the obstacle they had met in the way of a marble door,
and how Glinda would now undertake to find a magic way
to conquer the door.

Realizing that it would require several days to
succeed in reaching the island raising it and
liberating their friends and the Skeezer people, Glinda
now prepared a camp half way between the lake shore and
the palm trees.

The Wizard’s wizardry made a number of tents appear
and the sorcery of the Sorceress furnished these tents
all complete, with beds, chairs, tables, flags, lamps
and even books with which to pass idle hours. All the
tents had the Royal Banner of Oz flying from the
centerpoles and one big tent, not now occupied, had
Ozma’s own banner moving in the breeze.

Betsy and Trot had a tent to themselves, and Button
Bright and Ojo had another. The Scarecrow and the Tin
Woodman paired together in one tent and so did Jack
Pumpkinhead and the Shaggy Man, Cap’n Bill and Uncle
Henry, Tik-Tok and Professor Wogglebug. Glinda had the
most splendid tent of all, except that reserved for
Ozma, while the Wizard had a little one of his own.
Whenever it was meal time, tables loaded with food
magically appeared in the tents of those who were in
the habit of eating, and these complete arrangements
made the rescue party just comfortable as they would
have been in their own homes.

Far into the night Glinda sat in her tent studying a
roll of mystic scrolls in search of a word that would
open the basement door of the island and admit her to
the Great Dome. She also made many magical experiments,
hoping to discover something that would aid her. Yet
the morning found the powerful Sorceress still
unsuccessful.

Glinda’s art could have opened any ordinary door, you
may be sure, but you must realize that this marble door
of the island had been commanded not to open save in
obedience to one magic word, and therefore all other
magic words could have no effect upon it. The magic
word that guarded the door had probably been invented
by Coo-ee-oh, who had now forgotten it. The only way,
then, to gain entrance to the sunken island was to
break the charm that held the door fast shut. If this
could be done no magic would be required to open it.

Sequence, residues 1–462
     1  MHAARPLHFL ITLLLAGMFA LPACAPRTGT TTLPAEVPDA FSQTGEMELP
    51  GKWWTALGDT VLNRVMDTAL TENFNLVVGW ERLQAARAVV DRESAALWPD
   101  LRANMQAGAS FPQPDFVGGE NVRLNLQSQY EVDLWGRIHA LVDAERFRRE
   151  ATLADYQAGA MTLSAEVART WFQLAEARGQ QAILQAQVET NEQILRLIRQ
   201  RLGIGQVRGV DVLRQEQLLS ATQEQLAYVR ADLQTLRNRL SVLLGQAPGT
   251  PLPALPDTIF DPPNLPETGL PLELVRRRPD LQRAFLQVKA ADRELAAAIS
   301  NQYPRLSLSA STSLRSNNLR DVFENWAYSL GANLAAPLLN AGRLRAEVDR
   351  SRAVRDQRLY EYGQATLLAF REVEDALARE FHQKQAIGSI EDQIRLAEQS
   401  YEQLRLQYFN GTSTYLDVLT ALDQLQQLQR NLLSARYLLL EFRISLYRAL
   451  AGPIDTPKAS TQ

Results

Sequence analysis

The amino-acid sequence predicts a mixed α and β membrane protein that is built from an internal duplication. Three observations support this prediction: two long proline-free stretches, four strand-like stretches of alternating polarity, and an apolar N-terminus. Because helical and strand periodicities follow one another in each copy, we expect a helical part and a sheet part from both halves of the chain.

The next day the Sorceress and the Wizard again
entered the boat and made it submerge and go to the
marble door, which they tried in various ways to open,
but without success.

“We shall have to abandon this attempt, I think,”
said Glinda. “The easiest way to raise the island would
be for us to gain admittance to the Dome and then
descend to the basement and see in what manner
Coo-ee-oh made the entire island sink or rise at her
command. It naturally occurred to me that the easiest
way to gain admittance would be by having the boat take
us into the basement through the marble door from which
Coo-ee-oh launched it. But there must be other ways to
get inside the Dome and join Ozma and Dorothy, and such
ways we must find by study and the proper use of our
powers of magic.”

“It won’t be easy,” declared the Wizard, “for we must
not forget that Ozma herself understands considerable
magic, and has doubtless tried to raise the island or
find other means of escape from it and failed.”

“That is true,” returned Glinda, “but Ozma’s magic is
fairy magic, while you are a Wizard and I am a
Sorceress. In this way the three of us have a great
variety of magic to work with, and if we should all
fail it will be because the island is raised and
lowered by a magic power none of us is acquainted with.
My idea therefore is to seek — by such magic as we
possess — to accomplish our object in another way.”

They made the circle of the Dome again in their boat,
and once more saw Ozma and Dorothy through their
windows and exchanged signals with the two imprisoned
girls.

Ozma realized that her friends were doing all in
their power to rescue her and smiled an encouragement
to their efforts. Dorothy seemed a little anxious but
was trying to be as brave as her companion.

After the boat had returned to the camp and Glinda
was seated in her tent, working out various ways by
which Ozma and Dorothy could be rescued, the Wizard
stood on the shore dreamily eying the outlines of the
Great Dome which showed beneath the clear water, when
he raised his eyes and saw a group of strange people
approaching from around the lake. Three were young
women of stately presence, very beautifully dressed,
who moved with remarkable grace. They were followed at
a little distance by a good-looking young Skeezer.

The Wizard saw at a glance that these people might be
very important, so he advanced to meet them. The three
maidens received him graciously and the one with the
golden hair said:

“I believe you are the famous Wizard of Oz, of whom I
have often heard. We are seeking Glinda, the Sorceress,
and perhaps you can lead us to her.”

“I can, and will, right gladly,” answered the Wizard.
“Follow me, please.”

The little Wizard was puzzled as to the identity of
the three lovely visitors but he gave no sign that
might embarrass them.

He understood they did not wish to be questioned, and
so he made no remarks as he led the way to Glinda’s
tent.

With a courtly bow the Wizard ushered the three
visitors into the gracious presence of Glinda, the
Good.